Ex-intelligence analyst accused of selling nuclear target list

WASHINGTON (AP) — A former intelligence analyst with the Pentagon’s supersecret National Security Agency was charged Tuesday with selling the Soviet Union top defense secrets, including a target list for some U.S. nuclear weapons, for $60,000.
Retired Army Sgt. 1st Class David Sheldon Boone, 46, a native of Flint, Mich., was arrested Saturday in a suburban Virginia hotel. He had been lured there from his home in Germany by a sting operation in which a Russian-speaking former FBI agent posed as a spy for Russia trying to get Boone to resume spying, the Justice Department said.
Boone told the FBI’s fake Russian spy that, during 1988-1991 in Germany, he sold the Soviets details of U.S. targets for tactical nuclear weapons in case of a Soviet nuclear attack and a 300-to 400-page handbook listing reconnaissance and intelligence collection systems used by the U.S. military, according to an FBI affidavit.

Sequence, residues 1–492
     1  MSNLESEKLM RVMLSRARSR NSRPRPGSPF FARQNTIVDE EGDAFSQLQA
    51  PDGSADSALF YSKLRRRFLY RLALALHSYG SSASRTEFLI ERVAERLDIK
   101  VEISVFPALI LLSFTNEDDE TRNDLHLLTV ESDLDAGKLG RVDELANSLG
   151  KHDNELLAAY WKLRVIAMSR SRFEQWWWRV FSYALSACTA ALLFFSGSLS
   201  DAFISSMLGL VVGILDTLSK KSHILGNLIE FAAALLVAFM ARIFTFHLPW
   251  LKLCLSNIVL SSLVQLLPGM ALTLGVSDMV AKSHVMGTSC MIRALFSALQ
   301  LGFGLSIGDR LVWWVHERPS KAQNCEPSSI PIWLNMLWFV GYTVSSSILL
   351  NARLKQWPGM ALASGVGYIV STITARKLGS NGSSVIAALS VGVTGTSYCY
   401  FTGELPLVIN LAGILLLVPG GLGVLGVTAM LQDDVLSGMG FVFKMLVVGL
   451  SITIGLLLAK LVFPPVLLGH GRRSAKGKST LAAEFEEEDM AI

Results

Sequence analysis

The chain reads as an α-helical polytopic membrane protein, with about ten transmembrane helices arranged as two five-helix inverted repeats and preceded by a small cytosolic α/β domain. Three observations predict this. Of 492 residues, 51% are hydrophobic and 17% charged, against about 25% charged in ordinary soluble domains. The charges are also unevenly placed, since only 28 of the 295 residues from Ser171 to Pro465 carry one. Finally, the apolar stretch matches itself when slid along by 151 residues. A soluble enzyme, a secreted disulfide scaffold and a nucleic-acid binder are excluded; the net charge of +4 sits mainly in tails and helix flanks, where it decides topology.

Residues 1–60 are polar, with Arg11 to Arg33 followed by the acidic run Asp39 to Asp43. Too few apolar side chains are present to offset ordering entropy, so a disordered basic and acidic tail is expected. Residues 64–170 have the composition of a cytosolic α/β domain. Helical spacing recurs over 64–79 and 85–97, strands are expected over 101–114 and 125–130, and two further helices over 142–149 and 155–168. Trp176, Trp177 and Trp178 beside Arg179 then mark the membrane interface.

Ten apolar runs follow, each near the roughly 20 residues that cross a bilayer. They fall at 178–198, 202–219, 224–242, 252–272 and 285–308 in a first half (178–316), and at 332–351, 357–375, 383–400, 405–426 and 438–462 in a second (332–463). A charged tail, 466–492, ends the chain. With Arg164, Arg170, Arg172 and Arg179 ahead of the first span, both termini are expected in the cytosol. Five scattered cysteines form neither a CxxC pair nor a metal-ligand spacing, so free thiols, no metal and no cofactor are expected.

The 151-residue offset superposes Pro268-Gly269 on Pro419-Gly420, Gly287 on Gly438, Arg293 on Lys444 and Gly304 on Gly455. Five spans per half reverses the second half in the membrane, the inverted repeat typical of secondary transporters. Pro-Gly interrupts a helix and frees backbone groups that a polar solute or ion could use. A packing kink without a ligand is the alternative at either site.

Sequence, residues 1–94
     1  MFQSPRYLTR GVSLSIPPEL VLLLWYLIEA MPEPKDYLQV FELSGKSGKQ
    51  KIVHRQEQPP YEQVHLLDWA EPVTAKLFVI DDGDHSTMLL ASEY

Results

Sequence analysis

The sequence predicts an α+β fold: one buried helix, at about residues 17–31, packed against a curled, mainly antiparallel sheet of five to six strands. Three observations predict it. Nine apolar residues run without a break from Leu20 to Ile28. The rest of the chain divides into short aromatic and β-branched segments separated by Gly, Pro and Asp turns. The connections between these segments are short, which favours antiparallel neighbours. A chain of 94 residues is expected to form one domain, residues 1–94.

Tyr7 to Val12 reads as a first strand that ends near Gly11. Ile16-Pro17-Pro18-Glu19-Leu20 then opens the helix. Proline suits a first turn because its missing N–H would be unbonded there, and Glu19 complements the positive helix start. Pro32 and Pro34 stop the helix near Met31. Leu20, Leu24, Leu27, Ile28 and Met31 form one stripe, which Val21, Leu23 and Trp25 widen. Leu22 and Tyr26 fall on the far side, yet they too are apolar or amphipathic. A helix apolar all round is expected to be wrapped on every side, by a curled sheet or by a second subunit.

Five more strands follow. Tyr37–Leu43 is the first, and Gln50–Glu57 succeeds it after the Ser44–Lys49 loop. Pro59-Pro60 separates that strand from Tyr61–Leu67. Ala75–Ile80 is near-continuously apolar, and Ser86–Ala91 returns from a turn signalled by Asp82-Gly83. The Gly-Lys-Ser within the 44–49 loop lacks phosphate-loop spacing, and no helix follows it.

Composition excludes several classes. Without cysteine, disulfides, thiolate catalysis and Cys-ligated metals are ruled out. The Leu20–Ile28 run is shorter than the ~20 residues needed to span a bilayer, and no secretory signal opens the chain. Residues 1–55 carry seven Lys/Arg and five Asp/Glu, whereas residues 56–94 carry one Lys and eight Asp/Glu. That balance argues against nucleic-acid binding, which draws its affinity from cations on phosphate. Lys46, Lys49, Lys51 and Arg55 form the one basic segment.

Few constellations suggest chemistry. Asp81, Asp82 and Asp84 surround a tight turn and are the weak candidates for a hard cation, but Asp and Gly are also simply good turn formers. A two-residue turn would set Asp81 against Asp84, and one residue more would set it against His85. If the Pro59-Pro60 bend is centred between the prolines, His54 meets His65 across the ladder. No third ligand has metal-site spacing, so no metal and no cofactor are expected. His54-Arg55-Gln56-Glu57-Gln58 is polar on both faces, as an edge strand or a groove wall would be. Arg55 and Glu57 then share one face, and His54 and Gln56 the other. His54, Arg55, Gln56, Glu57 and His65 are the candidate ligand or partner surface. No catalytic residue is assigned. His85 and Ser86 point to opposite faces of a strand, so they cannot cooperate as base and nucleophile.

FBI agent Stephanie Douglas wrote that Boone told the fake Russian agent he had volunteered to spy for the Soviet Union in 1988 when his marriage was breaking up and he was so short of cash he used the Soviet payments for ordinary living expenses while serving in the Army in Germany.
Before 1991, when he left the Army and quit spying, the government said, Boone also provided his Soviet KGB contact — a man he knew as “Igor” — with U.S. documents describing the movement and capabilities of Soviet forces and Soviet tactical nuclear weapons.
The government accused Boone of selling data classified as “top secret” and as even more secret “sensitive compartmented information.” Its release to a foreign power “could potentially cause grave harm to the national security of the United States,” the government said.